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Topic: *I'm New* What are the Applications of an ATtiny controller? (Read 1 time) previous topic - next topic

XxAfflicted

So I understand they can be used for small standalone projects and can be programmed from my Arduino UNO REV 3, but what are the said applications of the controller. so far I've seen an XBOX 360 rapid fire controller made with an attiny.

Basically:
-where can i find info on uses for ATtiny

Any help is appreciated

James C4S

Capacitor Expert By Day, Enginerd by night.  ||  Personal Blog: www.baldengineer.com  || Electronics Tutorials for Beginners:  www.addohms.com

Coding Badly


Blinkies are popular.  Solarbotics even sells kits...
http://www.solarbotics.com/product/60140/
http://www.solarbotics.com/product/52101/

TV-B-Gone is built with an ATtiny processor.

They typically have specialized timers designed for certain PWM applications.  For example, the 861 family seems to be well suited for controlling a three-phase motor.

Basically, they can be used anywhere an ATmega processor can be used as long as the application fits in the constrained processor.

Jack Christensen

MCP79411/12 RTC ... "One Million Ohms" ATtiny kit ... available at http://www.tindie.com/stores/JChristensen/

Graynomad

I've used them for simple pulse/freq generators (555 replacement).

______
Rob
Rob Gray aka the GRAYnomad www.robgray.com

jwatte

The USBtinyISP AVR programmer is, in itself, based on an ATTiny (the 2313.)

From 6 pins to 20 pins, you can get a wide variety of peripherals and memory amounts (from 2kB of flash and up; from 128 bytes of RAM and up, IIRC.)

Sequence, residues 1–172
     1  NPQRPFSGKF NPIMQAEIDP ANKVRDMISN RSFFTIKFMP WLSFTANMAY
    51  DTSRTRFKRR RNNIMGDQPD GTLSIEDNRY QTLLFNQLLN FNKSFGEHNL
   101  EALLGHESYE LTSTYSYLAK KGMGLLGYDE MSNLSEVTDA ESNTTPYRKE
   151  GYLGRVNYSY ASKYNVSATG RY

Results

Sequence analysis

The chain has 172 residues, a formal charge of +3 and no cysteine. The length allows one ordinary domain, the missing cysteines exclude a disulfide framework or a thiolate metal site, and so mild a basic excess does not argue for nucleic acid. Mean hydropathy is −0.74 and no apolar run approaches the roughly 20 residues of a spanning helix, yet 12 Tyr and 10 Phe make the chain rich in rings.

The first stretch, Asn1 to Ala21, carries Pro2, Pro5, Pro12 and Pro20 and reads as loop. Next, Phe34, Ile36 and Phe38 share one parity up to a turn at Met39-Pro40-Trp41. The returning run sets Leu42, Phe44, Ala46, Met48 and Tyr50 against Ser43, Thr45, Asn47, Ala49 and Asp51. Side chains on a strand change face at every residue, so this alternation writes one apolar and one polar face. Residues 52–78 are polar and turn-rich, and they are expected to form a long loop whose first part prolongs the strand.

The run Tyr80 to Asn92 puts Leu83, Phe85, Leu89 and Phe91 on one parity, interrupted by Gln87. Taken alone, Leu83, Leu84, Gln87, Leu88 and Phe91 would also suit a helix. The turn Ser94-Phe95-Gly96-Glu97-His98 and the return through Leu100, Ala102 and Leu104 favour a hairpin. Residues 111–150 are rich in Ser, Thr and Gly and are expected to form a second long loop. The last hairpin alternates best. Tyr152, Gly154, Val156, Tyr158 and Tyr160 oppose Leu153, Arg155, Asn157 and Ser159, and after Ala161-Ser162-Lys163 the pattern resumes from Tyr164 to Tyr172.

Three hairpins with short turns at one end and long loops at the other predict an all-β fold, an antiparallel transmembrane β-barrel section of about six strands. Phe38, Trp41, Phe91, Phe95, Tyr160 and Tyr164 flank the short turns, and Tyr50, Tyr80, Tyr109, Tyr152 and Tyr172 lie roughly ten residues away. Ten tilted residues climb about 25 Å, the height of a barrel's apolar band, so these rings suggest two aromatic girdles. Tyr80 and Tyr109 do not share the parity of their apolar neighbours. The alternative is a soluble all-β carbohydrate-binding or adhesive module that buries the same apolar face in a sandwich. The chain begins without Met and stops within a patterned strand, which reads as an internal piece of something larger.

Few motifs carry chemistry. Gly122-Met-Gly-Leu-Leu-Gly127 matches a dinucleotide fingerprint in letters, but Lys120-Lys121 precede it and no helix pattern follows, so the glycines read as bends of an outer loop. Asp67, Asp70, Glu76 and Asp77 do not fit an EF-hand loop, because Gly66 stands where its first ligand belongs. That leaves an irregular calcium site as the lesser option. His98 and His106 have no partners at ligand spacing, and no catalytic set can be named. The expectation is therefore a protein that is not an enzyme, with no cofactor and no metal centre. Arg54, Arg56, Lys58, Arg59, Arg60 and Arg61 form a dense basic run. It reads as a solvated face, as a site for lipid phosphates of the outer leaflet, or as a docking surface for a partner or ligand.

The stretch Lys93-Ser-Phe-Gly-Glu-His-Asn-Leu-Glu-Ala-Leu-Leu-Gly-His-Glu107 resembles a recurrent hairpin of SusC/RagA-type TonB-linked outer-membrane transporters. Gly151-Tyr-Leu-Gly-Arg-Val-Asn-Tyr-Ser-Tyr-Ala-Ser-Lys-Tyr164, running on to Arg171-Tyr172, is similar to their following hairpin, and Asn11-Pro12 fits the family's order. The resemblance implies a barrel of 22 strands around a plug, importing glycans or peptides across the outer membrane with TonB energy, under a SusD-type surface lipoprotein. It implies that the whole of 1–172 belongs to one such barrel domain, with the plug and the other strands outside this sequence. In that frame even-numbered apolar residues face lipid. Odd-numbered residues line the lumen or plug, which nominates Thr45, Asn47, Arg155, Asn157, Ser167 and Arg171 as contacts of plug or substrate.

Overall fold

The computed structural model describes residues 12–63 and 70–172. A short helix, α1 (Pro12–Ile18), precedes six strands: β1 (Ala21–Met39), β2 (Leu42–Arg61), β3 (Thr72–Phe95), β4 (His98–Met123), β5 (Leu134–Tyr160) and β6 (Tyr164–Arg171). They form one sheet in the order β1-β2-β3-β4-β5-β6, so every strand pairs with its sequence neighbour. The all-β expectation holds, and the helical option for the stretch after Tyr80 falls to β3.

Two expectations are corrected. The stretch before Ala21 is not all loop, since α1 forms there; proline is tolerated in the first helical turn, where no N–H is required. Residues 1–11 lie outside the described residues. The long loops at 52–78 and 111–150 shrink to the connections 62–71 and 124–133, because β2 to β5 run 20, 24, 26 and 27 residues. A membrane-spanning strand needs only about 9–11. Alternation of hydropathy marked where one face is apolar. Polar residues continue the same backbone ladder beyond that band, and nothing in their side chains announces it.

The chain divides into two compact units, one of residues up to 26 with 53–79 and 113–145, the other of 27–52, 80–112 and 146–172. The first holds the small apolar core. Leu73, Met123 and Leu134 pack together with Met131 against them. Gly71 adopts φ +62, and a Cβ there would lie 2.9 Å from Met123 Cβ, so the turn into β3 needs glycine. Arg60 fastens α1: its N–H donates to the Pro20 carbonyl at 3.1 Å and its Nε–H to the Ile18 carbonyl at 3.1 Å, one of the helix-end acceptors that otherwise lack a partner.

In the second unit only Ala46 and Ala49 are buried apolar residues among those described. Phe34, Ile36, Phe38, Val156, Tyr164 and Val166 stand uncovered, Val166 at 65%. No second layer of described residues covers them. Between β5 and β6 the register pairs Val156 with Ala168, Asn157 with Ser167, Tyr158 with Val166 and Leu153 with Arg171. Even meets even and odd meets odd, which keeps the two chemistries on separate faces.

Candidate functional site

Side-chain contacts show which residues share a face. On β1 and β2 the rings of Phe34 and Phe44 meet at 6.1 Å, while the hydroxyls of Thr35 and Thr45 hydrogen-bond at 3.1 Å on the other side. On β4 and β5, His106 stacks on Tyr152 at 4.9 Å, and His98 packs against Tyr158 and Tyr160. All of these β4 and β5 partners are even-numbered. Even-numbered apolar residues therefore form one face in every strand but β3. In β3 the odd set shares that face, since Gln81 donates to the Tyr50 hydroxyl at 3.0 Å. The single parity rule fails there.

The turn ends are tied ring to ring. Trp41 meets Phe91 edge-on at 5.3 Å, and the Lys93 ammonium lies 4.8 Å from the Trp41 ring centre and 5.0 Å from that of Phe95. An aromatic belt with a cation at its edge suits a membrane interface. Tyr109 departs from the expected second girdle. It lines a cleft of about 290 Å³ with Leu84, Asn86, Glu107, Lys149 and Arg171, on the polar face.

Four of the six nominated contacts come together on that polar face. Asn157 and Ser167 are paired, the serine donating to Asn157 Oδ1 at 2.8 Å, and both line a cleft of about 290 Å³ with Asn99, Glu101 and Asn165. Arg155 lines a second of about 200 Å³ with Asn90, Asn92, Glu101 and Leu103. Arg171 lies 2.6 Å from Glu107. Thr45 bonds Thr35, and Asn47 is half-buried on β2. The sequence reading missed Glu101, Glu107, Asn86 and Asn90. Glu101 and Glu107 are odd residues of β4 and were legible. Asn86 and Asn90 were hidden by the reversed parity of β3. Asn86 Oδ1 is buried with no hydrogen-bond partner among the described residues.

For example, I'm going to build a switching power supply where the actual PWM controller is an ATTiny, rather than a dedicated chip. It may end up being both cheaper and more flexible than the custom solutions... (A/D is built in, PWM is built in, UI can be drive from the same chip, ... only the MOSFET switch needs to be added.)

Wherever you want a bit of logic more than just "button pressed, light on," you could use one of these guys. They tolerate various voltages, but if you need 12V or whatever, you can use cheap regulators to supply the 30 mA or whatever they need. To switch higher voltages, you can use simple low-driver N-channel MOSFETs.

kf2qd

Here's a thread on some work I did using an ATtiny2313 as a stepper controller - takes Step and Direction inputs and drives the 4 MOSFETs for a unipolar type stepper motor. Idea was first developed on my Arduino and then work was done on the 2313 -
http://arduino.cc/forum/index.php/topic,84809.0.html

Depending on what I/O is needed, you then decide which device will have the resources you require. May have a few spare pins, but that just gives you space to enhance your design.

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